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Year of the Terabyte

The Philter
The Philter
The Philter

3:40 PM -- This was a landmark year in consumer storage and computing. And though we don't cover the space directly, we'd be remiss in not acknowledging its impact on the bandwidth and network needs facing service providers.

Here are two things that I recall being big, big deals in the consumer space this year:

1) The first sub-$1,000 terabyte external hard drive debuted. Prediction: In less than five years, we'll pay about $750 for a 100 terabyte drive -- and that still won't be enough to keep all the home videos, archived home security footage, photos, music, and movies we've downloaded.

2) Apple Computer Inc.'s iTunes Music store celebrated its first year in business in April. Apple boasted that 70 million songs had been downloaded at that point. Now the number is well north of 200 million.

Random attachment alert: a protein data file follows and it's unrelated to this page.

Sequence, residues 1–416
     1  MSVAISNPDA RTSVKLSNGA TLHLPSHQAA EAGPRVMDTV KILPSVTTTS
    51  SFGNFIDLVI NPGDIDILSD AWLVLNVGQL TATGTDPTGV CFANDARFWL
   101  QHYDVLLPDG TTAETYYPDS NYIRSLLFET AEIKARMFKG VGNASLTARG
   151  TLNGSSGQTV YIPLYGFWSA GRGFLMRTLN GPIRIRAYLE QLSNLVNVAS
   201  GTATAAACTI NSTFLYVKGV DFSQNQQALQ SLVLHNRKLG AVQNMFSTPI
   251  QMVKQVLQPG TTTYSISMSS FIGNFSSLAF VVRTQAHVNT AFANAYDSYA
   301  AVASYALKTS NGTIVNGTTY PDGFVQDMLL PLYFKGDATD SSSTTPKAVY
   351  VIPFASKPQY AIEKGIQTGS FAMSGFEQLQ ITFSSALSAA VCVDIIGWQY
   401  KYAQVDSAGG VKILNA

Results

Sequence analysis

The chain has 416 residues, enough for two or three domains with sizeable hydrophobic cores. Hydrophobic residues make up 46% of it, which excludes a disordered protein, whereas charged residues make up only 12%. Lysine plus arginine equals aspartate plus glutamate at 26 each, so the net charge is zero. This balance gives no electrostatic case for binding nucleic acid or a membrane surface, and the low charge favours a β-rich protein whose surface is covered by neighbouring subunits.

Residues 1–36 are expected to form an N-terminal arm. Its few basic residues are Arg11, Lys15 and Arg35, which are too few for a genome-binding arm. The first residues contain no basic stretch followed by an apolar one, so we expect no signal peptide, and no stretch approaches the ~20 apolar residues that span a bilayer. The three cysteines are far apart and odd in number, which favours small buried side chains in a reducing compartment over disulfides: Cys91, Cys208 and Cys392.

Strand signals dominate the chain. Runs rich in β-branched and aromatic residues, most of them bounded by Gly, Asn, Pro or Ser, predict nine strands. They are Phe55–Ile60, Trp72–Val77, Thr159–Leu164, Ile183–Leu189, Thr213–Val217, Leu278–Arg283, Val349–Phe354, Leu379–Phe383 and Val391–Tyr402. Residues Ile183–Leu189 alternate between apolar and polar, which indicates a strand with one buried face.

Prediction: Apple will debut an iMovies-type site next year, and users will buy and download 10 million feature-length movies during the site's first 12 months of operation.

Of course, this rampant downloading will mostly come from folks with fiber access or cable connections. A full DVD of video content (4.7 gigabytes) still takes about 3 hours, 45 minutes using a 3-Mbit/s connection.

However, on a 9-Mbit/s or 10-Mbit/s connection, DVD-sized downloads would be tolerable.

Note to Charter Communications: Call me when that kind of an upgrade is available.

— Phil Harvey, News Editor, Light Reading

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